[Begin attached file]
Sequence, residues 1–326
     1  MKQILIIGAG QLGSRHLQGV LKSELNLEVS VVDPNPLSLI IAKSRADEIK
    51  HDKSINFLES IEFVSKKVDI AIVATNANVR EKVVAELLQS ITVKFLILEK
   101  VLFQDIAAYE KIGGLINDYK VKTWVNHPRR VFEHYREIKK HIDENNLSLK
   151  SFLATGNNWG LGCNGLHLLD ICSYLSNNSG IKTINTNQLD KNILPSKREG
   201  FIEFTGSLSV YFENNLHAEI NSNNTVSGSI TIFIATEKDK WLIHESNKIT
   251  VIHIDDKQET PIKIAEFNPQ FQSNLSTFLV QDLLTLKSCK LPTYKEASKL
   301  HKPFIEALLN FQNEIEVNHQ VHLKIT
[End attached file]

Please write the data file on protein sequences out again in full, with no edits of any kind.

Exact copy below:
Sequence, residues 1–326
     1  MKQILIIGAG QLGSRHLQGV LKSELNLEVS VVDPNPLSLI IAKSRADEIK
    51  HDKSINFLES IEFVSKKVDI AIVATNANVR EKVVAELLQS ITVKFLILEK
   101  VLFQDIAAYE KIGGLINDYK VKTWVNHPRR VFEHYREIKK HIDENNLSLK
   151  SFLATGNNWG LGCNGLHLLD ICSYLSNNSG IKTINTNQLD KNILPSKREG
   201  FIEFTGSLSV YFENNLHAEI NSNNTVSGSI TIFIATEKDK WLIHESNKIT
   251  VIHIDDKQET PIKIAEFNPQ FQSNLSTFLV QDLLTLKSCK LPTYKEASKL
   301  HKPFIEALLN FQNEIEVNHQ VHLKIT